The next day’s edition of the Daily Telegraph contained an interview with Travers-Symons where she commented:
“Mr Idris came out and said that he had got a seat in the gallery, and then – well the door of the chamber swung open and I was inside, actually inside, the House of Commons! I said as loudly as I could, ‘Leave off talking about the children – attend to the bearers of the children.’ That was all I could say, for I was immediately bundled out by an official.”
The official in question was Mr A Haskell, the Bar Doorkeeper that day, who took her to the Lobby where she was handed over to the police. She was promptly taken to the street and banned from re- entering the building.
The Hansard for 13 October reported her interruption at column 243 as follows:
MR. WILLIAM RUTHERFORD … If he sent a boy messenger in uniform, who by the way only existed in London—[At this point a woman ran into the Chamber within the Bar, and exclaimed: “Leave off discussing the children’s question, and turn your attention to the women first.” The woman was immediately carried out of the House by one of the attendants.]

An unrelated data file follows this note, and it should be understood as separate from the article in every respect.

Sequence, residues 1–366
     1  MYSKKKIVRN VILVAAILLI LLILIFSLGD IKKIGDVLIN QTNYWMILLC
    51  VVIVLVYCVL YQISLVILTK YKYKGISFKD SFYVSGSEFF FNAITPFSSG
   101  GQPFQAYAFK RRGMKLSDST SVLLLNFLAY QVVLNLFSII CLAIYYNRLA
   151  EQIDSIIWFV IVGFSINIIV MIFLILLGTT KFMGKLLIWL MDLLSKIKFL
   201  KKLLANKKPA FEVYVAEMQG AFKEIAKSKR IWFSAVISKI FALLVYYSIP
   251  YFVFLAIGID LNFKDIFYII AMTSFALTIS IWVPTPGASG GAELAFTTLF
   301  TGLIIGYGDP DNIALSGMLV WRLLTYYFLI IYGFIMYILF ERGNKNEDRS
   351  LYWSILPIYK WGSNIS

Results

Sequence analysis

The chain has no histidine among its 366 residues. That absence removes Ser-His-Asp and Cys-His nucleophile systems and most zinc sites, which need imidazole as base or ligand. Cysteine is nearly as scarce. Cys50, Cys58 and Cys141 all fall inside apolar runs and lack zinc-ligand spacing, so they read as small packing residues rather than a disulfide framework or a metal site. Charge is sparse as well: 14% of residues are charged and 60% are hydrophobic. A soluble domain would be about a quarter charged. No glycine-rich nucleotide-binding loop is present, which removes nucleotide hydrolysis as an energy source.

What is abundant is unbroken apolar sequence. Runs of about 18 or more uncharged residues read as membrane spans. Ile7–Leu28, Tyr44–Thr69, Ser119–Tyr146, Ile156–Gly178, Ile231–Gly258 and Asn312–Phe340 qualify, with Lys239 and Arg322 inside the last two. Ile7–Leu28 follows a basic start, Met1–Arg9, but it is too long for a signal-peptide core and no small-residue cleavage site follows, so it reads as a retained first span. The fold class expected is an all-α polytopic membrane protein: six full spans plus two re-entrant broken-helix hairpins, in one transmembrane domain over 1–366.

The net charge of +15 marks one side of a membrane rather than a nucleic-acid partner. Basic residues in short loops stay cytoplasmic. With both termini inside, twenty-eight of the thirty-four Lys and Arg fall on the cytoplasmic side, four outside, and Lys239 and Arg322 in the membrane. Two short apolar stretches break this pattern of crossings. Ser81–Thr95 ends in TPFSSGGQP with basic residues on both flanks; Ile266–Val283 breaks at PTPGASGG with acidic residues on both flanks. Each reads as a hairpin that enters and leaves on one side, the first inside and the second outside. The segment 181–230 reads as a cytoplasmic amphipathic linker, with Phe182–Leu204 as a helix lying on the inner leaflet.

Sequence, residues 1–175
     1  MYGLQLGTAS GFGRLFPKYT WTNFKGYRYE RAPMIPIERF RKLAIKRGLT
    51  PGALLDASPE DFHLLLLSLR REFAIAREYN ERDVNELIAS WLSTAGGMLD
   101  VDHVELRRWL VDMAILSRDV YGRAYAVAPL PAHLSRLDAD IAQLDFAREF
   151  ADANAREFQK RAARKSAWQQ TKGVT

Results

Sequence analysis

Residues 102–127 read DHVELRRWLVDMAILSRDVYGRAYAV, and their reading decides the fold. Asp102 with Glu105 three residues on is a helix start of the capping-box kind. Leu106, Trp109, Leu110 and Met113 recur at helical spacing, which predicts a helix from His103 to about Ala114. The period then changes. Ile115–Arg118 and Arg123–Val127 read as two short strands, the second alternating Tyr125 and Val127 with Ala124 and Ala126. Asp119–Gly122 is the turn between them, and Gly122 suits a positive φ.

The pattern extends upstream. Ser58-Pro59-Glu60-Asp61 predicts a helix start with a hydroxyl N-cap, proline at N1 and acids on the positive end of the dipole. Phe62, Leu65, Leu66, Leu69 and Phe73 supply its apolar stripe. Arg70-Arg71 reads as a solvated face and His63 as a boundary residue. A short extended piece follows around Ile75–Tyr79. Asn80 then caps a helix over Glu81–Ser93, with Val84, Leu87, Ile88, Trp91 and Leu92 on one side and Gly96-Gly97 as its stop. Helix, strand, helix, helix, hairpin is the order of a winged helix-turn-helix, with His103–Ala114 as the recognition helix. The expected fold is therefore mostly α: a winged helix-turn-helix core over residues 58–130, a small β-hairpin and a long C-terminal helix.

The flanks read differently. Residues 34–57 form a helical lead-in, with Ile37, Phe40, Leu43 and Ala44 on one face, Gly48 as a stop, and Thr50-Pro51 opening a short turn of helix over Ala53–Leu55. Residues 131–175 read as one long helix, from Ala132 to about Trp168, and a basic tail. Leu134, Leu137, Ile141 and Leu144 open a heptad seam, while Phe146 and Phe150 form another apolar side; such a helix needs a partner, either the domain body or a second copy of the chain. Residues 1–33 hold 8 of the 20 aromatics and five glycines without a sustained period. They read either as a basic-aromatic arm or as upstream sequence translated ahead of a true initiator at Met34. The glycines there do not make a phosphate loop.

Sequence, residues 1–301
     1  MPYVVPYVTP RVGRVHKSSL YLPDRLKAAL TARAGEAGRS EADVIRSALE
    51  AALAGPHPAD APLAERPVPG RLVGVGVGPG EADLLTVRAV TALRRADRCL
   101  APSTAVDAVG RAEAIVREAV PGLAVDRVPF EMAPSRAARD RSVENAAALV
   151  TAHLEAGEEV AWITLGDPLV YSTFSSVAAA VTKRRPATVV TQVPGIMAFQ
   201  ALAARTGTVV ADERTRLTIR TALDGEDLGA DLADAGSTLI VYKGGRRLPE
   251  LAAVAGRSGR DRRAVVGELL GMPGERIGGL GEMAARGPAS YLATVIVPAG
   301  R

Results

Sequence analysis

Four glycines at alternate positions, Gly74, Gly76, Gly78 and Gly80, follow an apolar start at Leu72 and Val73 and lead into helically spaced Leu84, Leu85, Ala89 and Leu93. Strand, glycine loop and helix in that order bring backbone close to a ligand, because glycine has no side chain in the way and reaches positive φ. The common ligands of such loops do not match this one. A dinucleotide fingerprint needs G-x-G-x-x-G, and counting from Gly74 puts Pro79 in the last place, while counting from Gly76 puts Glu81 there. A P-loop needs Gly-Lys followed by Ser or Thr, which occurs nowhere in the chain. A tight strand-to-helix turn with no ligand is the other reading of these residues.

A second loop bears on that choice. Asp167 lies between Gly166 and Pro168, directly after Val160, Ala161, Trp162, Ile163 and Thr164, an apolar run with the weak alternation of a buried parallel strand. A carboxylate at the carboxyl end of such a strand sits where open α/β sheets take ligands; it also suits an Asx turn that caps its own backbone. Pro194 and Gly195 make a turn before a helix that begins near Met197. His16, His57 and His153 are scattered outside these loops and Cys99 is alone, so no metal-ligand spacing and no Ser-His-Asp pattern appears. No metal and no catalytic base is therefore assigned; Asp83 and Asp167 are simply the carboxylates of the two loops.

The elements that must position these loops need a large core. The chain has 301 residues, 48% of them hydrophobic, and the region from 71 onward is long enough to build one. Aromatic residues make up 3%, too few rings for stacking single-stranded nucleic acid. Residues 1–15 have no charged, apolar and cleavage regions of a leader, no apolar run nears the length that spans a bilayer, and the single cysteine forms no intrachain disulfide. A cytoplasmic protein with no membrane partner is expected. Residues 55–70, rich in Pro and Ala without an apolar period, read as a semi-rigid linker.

In 1910 Travers-Symons successfully applied to the Speaker to be allowed readmission, giving an undertaking not to breach the regulations in future. Mr Haskell’s prompt response would seem to have done him no harm as he retired in 1922 having become the Principal Doorkeeper. During the Suffragette ‘Truce,’ following the outbreak of the First World War, she did her bit for the war effort. Her name is to be found on the British Red Cross Register of Overseas Volunteers as being a member of a VAD (Voluntary Aid Detachment). These were similar to the First Aid Nursing Yeomanry, but unlike the FANYs they were a civilian organisation not part of the military.
Although Hansard reported her words as being, ‘Leave off discussing the children’s question, and turn your attention to the women first;’ whatever the actual words spoken, their inclusion in the official report secures for Margaret Travers-Symons the accolade of being the first woman to speak in the House of Commons – Sorry Nancy!!